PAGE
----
The New Testament (NT) is a collection of texts produced and received in a complex first century Near East and Mediterranean world linked with Jewish tradition and 'pagan' Hellenistic culture. In this world, as today, people died and were buried and mourned. One of them, Jesus of Nazareth, was executed by authorities of the Roman province Iudaea ca. 30 AD in Jerusalem. His dying and death became the core events that threw their shadow – or light – on how death and dying was perceived of and described in the NT scriptures.
In texts, human identities can be construed, claimed, questioned, defended etc., but cannot be lived. This only happens in a world populated by living (and dying) human beings and shaped by its material, psychological, social, cultural and political characteristics. Much of this Mediterranean world of the first century AD is lost and texts produced at this time may merely allow us to "see through a glass, darkly" (1 Cor 13:12) – because what we "see" in the mirror depends on quite a lot of methodological preliminaries. And yet: a historical-critical reading of the NT still can provide us a glimpse of its manifold and fascinating environments.
The question I ask in this paper is what we can learn about the ways the identity of deceased people was conceived of in the NT world. I will look for answers by reading NT texts and comparing them with cultural and historical evidence. The question is not primarily what people 'believed' in NT times about death and afterlife – a question that implies tricky methodological problems – but how what they wrote was (or could have been) linked with how they lived in their 'lifeworlds'.
I will begin with some methodological and epistemological considerations and then analyse relevant NT texts and compare the results with corresponding social and cultural data.
In this essay, I will read NT texts not as sources of religious 'truth' but as documents written by specific authors in a specific place at a specific time and for a specific audience. I assume that these authors based their texts on common human experiences as well as on interpretations using traditional cultural and religious concepts.
Two such concepts that are essential for my argumentation are marked by the terms 'death'/'dead' and 'rise'/'raise'/'resurrection'. All of them relate to both experiences (that may differ from the ones we commonly associate) and contextual traditions articulated in spoken and written language.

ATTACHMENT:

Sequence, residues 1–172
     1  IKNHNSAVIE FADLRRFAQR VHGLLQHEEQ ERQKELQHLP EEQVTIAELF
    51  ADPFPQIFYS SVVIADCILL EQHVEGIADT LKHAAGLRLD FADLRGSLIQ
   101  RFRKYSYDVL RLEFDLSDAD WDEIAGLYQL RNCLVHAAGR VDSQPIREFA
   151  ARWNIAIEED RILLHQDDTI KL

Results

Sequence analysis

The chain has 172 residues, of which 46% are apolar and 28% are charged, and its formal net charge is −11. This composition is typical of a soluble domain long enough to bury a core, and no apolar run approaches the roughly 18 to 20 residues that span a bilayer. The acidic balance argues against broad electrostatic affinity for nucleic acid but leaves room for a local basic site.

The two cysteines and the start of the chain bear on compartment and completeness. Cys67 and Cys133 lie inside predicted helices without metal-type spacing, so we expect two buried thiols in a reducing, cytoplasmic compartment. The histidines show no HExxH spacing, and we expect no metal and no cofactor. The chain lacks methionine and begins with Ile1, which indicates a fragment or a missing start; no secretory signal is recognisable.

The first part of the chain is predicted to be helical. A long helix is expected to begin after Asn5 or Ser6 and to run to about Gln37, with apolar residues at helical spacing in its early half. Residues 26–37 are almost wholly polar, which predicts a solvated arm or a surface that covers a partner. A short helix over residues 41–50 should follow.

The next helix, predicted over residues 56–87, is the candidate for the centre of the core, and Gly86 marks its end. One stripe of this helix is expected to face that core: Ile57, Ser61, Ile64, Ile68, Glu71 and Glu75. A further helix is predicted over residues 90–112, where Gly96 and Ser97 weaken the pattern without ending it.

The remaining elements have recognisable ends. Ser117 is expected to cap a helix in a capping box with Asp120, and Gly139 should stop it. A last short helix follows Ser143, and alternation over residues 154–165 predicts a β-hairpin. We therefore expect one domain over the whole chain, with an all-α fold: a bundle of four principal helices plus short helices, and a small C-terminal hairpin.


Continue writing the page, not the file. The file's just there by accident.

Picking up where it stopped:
This implies that 'death' is as well an experiential and interpretative category as 'resurrection' and is not bound to particular phenomena like the end of physiologic processes. "Literally, 'death' refers to the cessation of life; metaphorically, it also refers to a spiritual and moral condition" (Keck 1992:83) and, additionally, to social conditions. Death in the NT, in accordance with ancient Near East and especially Old Testament traditions, is seen as a power that is linked with various individual and social experiences of deprivation and suffering (Barth 1997). As Desmond Alexander (1986:41) remarks, it can be difficult, therefore, to "be completely certain when 'death' is being used in a symbolical or metaphorical sense".
Similarly, as we will see, the term 'resurrection' (and related terms) can – especially in narratives – but need not and, as Paul's letters show, often obviously does not relate to the often associated notion of a reanimated corpse. Rather, it may be used to articulate a broad range of experiences and phenomena, since the term itself is linked to different biblical and 'pagan' traditions and contexts.
This 'metaphorical' use of central concepts regarding death and dying does not imply, however, that any notions of an 'afterlife' in the NT are 'merely symbolic' – on the contrary, they may be more realistic than their positivist interpreters may dream of. Likewise, a spiritual or social death may be a very 'real' death too.